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Número de publicaciónUS8556908 B2
Tipo de publicaciónConcesión
Número de solicitudUS 11/680,318
Fecha de publicación15 Oct 2013
Fecha de presentación28 Feb 2007
Fecha de prioridad28 Feb 2007
TarifaPagadas
También publicado comoUS20080208198
Número de publicación11680318, 680318, US 8556908 B2, US 8556908B2, US-B2-8556908, US8556908 B2, US8556908B2
InventoresJeffrey H. Nycz, Keith M. Kinnane, Susan J. Drapeau, Daniel Shimko, Jeetendra Bharadwaj
Cesionario originalWarsaw Orthopedic, Inc.
Exportar citaBiBTeX, EndNote, RefMan
Enlaces externos: USPTO, Cesión de USPTO, Espacenet
Osteochondral implant procedure and device
US 8556908 B2
Resumen
A surgical procedure according to which a slotted film is positioned over an area of a bone to be milled; and a portion of a milling assembly is inserted in the defect, with another portion of the assembly extending through one of the slots so that the slot can be used as a guide to mill the bone.
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Reclamaciones(15)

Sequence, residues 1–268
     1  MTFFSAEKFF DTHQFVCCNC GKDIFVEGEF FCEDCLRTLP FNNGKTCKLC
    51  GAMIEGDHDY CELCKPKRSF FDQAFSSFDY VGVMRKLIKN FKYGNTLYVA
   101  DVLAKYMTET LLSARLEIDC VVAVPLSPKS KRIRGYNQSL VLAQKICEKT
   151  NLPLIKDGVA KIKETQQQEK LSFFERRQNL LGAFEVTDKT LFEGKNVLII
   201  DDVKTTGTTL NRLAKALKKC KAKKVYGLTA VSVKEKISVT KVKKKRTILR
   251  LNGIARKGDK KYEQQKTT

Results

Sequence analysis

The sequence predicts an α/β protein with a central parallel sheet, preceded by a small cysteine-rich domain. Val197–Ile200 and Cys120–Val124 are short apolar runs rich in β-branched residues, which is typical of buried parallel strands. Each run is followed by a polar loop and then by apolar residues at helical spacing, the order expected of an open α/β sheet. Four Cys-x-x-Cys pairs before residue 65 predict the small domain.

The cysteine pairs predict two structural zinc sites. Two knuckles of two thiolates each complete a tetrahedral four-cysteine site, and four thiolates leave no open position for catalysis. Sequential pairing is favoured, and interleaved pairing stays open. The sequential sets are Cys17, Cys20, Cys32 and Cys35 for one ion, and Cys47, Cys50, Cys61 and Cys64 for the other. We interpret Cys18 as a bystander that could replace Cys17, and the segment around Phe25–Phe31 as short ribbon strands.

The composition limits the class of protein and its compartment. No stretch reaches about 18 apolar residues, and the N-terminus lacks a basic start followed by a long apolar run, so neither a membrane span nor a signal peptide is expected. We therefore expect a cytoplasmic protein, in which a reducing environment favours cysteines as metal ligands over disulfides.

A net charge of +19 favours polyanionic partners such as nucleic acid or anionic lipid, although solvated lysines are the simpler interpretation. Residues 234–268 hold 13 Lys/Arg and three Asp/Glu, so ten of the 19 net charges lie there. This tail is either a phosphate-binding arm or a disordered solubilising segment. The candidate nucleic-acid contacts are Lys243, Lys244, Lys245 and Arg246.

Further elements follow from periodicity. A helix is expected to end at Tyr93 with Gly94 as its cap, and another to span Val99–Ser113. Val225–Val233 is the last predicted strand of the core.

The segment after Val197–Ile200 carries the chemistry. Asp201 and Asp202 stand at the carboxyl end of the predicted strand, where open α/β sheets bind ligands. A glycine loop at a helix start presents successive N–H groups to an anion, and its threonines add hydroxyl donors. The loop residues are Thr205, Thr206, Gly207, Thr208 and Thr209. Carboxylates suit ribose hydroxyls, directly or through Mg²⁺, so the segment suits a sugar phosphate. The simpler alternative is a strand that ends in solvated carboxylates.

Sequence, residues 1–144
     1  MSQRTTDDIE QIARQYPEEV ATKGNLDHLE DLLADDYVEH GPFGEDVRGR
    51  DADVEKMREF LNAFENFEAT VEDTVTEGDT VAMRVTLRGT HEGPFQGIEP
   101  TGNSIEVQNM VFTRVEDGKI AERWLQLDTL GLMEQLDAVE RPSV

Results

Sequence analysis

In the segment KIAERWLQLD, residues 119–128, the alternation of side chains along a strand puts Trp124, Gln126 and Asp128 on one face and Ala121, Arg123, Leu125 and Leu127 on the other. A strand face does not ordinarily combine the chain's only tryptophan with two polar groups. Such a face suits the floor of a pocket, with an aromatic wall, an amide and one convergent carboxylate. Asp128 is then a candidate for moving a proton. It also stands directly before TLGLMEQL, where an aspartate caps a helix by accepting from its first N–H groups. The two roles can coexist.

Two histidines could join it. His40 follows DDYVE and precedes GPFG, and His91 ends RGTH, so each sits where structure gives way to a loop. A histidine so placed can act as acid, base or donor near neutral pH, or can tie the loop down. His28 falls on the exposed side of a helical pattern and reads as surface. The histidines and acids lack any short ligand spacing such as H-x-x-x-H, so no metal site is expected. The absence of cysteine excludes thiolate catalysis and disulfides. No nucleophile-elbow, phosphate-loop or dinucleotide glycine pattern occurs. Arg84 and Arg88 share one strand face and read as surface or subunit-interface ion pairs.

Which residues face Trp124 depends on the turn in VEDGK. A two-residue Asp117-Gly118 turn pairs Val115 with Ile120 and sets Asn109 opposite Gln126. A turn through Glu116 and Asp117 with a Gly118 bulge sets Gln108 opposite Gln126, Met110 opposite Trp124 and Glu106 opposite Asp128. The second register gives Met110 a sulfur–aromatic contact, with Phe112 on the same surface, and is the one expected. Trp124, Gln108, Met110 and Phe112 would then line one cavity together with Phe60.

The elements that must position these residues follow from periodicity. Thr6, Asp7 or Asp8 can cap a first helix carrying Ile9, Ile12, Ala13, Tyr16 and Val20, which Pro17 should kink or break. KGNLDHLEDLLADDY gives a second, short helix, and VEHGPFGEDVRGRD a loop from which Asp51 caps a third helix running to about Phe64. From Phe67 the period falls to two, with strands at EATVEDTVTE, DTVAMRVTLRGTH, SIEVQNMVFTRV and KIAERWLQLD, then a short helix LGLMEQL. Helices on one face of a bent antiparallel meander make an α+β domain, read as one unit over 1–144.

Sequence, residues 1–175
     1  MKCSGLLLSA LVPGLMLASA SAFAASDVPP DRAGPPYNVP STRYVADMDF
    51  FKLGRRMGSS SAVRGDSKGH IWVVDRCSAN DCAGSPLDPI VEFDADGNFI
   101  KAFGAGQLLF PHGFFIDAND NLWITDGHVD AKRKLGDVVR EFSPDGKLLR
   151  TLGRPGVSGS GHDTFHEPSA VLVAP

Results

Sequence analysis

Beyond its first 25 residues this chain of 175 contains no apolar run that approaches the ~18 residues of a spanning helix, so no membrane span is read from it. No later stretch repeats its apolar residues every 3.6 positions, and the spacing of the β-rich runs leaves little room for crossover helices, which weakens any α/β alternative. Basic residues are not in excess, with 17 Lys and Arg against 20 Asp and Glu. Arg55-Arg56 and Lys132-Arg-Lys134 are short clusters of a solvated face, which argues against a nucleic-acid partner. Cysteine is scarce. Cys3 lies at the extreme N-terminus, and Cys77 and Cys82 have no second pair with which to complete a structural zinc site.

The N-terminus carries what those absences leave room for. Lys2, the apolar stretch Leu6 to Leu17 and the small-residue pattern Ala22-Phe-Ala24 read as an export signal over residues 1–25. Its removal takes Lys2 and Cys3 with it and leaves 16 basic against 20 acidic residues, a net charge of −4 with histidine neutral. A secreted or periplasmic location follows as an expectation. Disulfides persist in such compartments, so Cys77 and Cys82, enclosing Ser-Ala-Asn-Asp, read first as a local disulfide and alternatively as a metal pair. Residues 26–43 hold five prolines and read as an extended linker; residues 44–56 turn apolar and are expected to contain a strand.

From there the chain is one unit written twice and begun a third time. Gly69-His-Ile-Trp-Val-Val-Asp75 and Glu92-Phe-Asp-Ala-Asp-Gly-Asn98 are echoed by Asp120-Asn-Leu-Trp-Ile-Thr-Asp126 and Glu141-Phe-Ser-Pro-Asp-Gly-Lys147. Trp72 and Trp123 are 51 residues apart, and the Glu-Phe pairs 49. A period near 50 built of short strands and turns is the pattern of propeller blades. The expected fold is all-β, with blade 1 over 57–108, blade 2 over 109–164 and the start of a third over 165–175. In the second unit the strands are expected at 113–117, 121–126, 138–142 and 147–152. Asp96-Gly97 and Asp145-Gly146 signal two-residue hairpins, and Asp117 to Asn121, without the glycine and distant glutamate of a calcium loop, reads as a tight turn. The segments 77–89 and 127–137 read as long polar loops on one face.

What is claimed is:
1. A surgical procedure for milling a portion of a bone defining a defect, the procedure comprising:
providing a slotted film comprising a plurality of slots positioned within a periphery of the slotted film and entirely enclosed therein, each of said slots having a first width, said slotted film having a back surface and an opposite front surface;
providing a milling tool comprising a shank having a second width and a milling element having a third width engaged with said shank, the second width being less than the first width and the third width being greater than the first width;
inserting said shank from said back surface into one of said slots of said slotted film;
positioning said slotted film over an area of the bone to be milled after said shank is inserted into said one of said slots such that said back surface of said slotted film engages
said bone and said milling element is positioned within the defect;
using said one of said slots as a guide to mill the bone;
milling the bone;
removing said shank from said one of said slots; and
inserting said shank from said back surface into a second of one of the slots.